I left the cookies to cool completely for about two hours and then started my decorating process. You can use whatever icing you like, but I happen to have been pressed for time so I cheated by melting some baking chocolate waffers in a small Ziplock baggy in my microwave (about three 30 second times for a handful of waffers). As the chocolate started to harden while decorating the cookies, I would melt it some more in the microwave at 15 second intervals.

NOTE: This is a great cookie dough to make up to 1 to 3 months in advance of your Christmas bake-a-thon. Wrap the dough up as a disk in plastic film, and then again in tin foil, before storing it in the freezer. It shouldn’t take more than 15 minutes sitting on the counter for the dough to come up to temperature so you can work with it when you’re ready to get your Christmas bake on.

 

Don’t forget your children in cars!

baby-in-a-car-seatPUBLIC SERVICE POST

This is an extreme topic that needs to be discussed because every year we hear about at least one, if not up to a few dozen cases, where a parent who doesn’t normally have their baby in the car as they go to work and needed to be dropped out at a daycare ends up forgetting that child in the backseat as, typically, the temperatures soar. You can imagine what the outcome is. It’s all so sad.

Here is a fantastic thread discussion from Coffee With Julie with some some suggestions for parents tasked with driving with their babies in their car. BTW, if you think this only happens to parents on sweltering hot days, you’re sadly mistaken. It happens all the time – we just don’t hear about it unless the cops and blistering heat is involved, or the child dies.

Read this post, and I ask that you all pass it along to other parents. This is so very important. As a non-mom, I take this seriously enough to talk to all of you about this situation. And if we’re all discussing it enough, we’re bound to find a way to help prevent it from continuing to happen as commutes to work to get more and more distracting, and we try to multitask on the ride in to get a jump on the day’s workload using our smart phones, or as we drift away in a daydream as we drive in autopilot mode and the child is sound asleep. Out of sight, out of mind.

I hate to stat it that way, but I have forgotten valuable stuff in cars and on city buses as I tune the world out, deep in thought, and barely realise I’m about to miss my stop so I jump up and take off, never giving much thought to what I had in my hands, or didn’t, until it was way too late. I once left my full coffee travel mug on the counter at the convenience store beside my old apartment building on the way to work one morning, and hilariously and fortunately, it was sitting exactly where I left it when I ran into the store at 10:30 pm in a panic when that realisation hit me after a long and busy day. The clerk didn’t bother to move it for other customers. He knew I’d come back, but not when. (He was such a kind soul. I really miss not seeing him every day since we moved away.)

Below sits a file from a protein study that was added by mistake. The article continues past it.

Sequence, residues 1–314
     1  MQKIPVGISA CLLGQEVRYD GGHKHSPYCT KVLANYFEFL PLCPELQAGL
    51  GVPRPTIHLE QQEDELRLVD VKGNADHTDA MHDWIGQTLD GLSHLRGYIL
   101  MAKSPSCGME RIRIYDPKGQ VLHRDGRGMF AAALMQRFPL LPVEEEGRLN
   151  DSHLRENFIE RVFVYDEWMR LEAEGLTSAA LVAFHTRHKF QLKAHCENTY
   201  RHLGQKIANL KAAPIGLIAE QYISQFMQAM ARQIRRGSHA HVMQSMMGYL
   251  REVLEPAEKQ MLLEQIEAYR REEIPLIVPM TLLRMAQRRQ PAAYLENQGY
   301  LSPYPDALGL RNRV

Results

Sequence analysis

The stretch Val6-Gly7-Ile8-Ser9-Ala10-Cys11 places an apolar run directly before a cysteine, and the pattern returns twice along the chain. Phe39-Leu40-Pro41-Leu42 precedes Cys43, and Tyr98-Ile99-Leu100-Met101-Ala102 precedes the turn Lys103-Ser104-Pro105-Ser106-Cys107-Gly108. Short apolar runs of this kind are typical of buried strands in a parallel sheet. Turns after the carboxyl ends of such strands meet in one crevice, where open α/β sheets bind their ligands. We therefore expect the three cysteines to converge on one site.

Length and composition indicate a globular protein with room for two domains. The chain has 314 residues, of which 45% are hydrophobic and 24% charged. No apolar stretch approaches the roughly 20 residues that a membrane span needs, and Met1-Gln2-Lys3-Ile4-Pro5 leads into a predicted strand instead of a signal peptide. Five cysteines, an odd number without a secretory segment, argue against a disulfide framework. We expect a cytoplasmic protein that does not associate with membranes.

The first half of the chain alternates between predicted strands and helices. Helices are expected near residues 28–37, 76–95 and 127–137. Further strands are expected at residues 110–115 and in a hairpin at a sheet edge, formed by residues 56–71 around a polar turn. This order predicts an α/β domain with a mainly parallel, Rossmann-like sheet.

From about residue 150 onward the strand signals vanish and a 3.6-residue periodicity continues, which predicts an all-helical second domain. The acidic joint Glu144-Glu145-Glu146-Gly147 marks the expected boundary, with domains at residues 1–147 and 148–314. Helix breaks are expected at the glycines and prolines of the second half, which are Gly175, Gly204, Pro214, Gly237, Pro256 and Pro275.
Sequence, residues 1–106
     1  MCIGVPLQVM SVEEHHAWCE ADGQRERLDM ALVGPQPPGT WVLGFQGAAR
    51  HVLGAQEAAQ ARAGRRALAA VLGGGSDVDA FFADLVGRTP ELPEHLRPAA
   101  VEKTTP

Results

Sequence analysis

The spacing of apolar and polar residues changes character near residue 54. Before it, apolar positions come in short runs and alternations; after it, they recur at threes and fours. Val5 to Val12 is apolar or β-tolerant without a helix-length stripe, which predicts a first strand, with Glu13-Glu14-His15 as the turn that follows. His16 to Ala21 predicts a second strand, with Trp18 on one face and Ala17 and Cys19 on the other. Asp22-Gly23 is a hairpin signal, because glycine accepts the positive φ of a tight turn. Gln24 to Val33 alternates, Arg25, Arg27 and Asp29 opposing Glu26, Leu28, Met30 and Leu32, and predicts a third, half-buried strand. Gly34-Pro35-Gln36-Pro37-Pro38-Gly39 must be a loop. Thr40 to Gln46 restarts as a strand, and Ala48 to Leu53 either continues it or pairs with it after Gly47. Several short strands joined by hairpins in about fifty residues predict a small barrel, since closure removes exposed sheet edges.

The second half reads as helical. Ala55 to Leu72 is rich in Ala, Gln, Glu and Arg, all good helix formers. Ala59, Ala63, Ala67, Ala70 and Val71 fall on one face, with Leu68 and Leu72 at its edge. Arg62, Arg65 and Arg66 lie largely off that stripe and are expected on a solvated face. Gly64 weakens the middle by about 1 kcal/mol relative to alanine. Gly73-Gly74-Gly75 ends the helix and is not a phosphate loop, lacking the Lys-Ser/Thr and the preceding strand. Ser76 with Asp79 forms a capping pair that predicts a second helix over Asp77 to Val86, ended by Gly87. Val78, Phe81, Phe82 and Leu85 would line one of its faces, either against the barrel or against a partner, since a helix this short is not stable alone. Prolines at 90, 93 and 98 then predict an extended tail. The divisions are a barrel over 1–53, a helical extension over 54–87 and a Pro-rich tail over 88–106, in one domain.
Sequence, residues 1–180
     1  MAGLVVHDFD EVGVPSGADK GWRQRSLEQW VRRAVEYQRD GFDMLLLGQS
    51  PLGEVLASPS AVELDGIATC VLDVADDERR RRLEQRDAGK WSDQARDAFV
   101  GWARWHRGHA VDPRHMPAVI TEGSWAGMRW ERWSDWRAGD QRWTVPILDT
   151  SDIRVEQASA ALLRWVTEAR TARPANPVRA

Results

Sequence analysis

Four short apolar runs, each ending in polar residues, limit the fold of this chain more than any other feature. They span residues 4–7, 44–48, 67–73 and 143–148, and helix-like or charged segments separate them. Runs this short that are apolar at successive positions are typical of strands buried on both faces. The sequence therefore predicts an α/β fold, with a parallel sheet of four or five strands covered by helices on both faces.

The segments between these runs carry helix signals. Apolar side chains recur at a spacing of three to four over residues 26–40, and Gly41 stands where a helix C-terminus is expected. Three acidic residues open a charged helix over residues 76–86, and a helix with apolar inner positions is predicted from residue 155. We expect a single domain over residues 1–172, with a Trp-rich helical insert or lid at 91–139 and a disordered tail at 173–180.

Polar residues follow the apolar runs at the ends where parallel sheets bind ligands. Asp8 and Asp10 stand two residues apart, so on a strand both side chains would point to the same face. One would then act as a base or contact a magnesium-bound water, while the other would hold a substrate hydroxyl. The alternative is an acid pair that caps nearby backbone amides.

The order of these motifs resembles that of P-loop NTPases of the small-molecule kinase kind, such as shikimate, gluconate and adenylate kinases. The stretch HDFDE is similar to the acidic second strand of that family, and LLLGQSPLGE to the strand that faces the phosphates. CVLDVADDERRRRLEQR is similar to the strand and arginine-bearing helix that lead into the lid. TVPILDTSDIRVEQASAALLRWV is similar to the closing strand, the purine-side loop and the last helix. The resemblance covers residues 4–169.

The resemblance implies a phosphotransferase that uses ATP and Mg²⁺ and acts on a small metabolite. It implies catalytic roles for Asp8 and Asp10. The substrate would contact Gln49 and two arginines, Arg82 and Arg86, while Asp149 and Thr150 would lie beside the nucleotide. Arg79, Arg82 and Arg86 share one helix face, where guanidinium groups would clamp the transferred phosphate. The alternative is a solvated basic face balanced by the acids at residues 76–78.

Homemade Hotdog Buns

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It’s Canada Day, and that means hotdogs and hamburgers made on the grill in a backyard or in a park by some water close enough to the fireworks hours later. It’s how we do it north of the 49th, kids. And we like it this way!

What we don’t like – or, what I should say I don’t like – is finding out our hotdog buns are moldy on a day when the stores are closed for a national holiday. It bums me out. But, because I discovered this problem very last night, I had lots of time today to make buns from scratch. Yes, I make bread, too. I make it ALL, baby.

{evil laughter}

I don’t have a stock bun recipe so I was planning to scour the innerweebs when Joy The Baker, bless her generous heart, decided this was the weekend she was going to post about her homemade hotdog buns. It was meant to be. 🙂

HotDogBuns-8

From this…

HotDogBuns-10

To this.

I halved the ingredient amounts to make a smaller batch than her recipe yields, but if you’re having a crowd over, Joy’s recipe will give you 18 regular 4″-5″ buns per batch. There’s still time to make a whole mess of these buns if you need more than that. They’re fast, straightforward and easy to make. I assure you. If you’ve ever kneaded dough before, you’ll be fine with this recipe. Pay attention to your type of yeast (I learned the hard way a month ago) and how to use it, and you should be fine.

HotDogBuns-2

 

I made half the batch with poppy seeds, fresh cracked pepper and big grains of salt, and the other half only got the coarse salt. I liked the salted one, and my husband loved the all dressed up one. I took care to make these buns a full 7″ so the overgrown Costco sausages the boy loves so much would be evenly matched up bite for bite. He complains a lot about rinky-dink store bought buns not being long enough. So, needless to say, he was happy with these buns in ever respect.

Try these buns. You’ll love them. And they took me less than an hour – start to finish.

OK, we’re off to hit a movie if we can, so enjoy your holiday, everyone.

Happy 146th birthday, Canada!

‘For Two’ Recipe Blog

ButteredPecanSconesforsite

[ Click picture to embiggen ]

I keep meaning to tell Ellen and Wendy about a blog that serves up recipes for two single servings. The blog is called Dessert For Two, and it’s run by the lovely and friendly Christina. She goes by @DessertForTwo on Twitter so if you ever have a question, that’s probably the best place to grab her attention.

I love this blog. Often I will want to cook or bake something out of the blue but I don’t want a million bits of leftover kicking around going stale after we’ve satiated our hankerings. This site fits the bill because Christina has probably already taken the time to figure out the reduced ingredient increments for whatever we want to make into a micro batch.

For example, today I was thinking I would make some scones for breakfast tomorrow, and not just any scones, but bacon infused scones. I went to her site, searched “scone” and a few recipes came up. I really like this one for Buttered Pecan Scones. Yummy. (See her picture above for what they look like.) All I have to do is follow one and sub out the flavour ingredients for the bacon, and I’ll be off to the races.

I will post my results tomorrow if they turn out as well as I think they will. Stay tuned.